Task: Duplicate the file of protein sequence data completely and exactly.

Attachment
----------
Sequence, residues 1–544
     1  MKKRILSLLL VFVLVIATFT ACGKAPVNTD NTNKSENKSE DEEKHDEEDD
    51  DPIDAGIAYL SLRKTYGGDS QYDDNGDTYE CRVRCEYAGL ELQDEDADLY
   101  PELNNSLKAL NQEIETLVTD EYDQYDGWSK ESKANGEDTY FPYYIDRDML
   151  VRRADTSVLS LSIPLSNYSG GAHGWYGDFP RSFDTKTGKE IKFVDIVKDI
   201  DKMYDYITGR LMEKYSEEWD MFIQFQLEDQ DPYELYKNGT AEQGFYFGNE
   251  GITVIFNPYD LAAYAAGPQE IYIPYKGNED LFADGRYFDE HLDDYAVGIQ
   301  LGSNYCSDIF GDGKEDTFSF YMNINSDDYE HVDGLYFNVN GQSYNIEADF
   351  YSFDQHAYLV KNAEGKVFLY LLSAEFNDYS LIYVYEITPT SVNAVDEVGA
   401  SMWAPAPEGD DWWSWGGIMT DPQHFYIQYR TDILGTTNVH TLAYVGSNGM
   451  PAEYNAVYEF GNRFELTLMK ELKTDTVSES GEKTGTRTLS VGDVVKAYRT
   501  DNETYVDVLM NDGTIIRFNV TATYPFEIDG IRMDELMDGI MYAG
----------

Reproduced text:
Sequence, residues 1–544
     1  MKKRILSLLL VFVLVIATFT ACGKAPVNTD NTNKSENKSE DEEKHDEEDD
    51  DPIDAGIAYL SLRKTYGGDS QYDDNGDTYE CRVRCEYAGL ELQDEDADLY
   101  PELNNSLKAL NQEIETLVTD EYDQYDGWSK ESKANGEDTY FPYYIDRDML
   151  VRRADTSVLS LSIPLSNYSG GAHGWYGDFP RSFDTKTGKE IKFVDIVKDI
   201  DKMYDYITGR LMEKYSEEWD MFIQFQLEDQ DPYELYKNGT AEQGFYFGNE
   251  GITVIFNPYD LAAYAAGPQE IYIPYKGNED LFADGRYFDE HLDDYAVGIQ
   301  LGSNYCSDIF GDGKEDTFSF YMNINSDDYE HVDGLYFNVN GQSYNIEADF
   351  YSFDQHAYLV KNAEGKVFLY LLSAEFNDYS LIYVYEITPT SVNAVDEVGA
   401  SMWAPAPEGD DWWSWGGIMT DPQHFYIQYR TDILGTTNVH TLAYVGSNGM
   451  PAEYNAVYEF GNRFELTLMK ELKTDTVSES GEKTGTRTLS VGDVVKAYRT
   501  DNETYVDVLM NDGTIIRFNV TATYPFEIDG IRMDELMDGI MYAG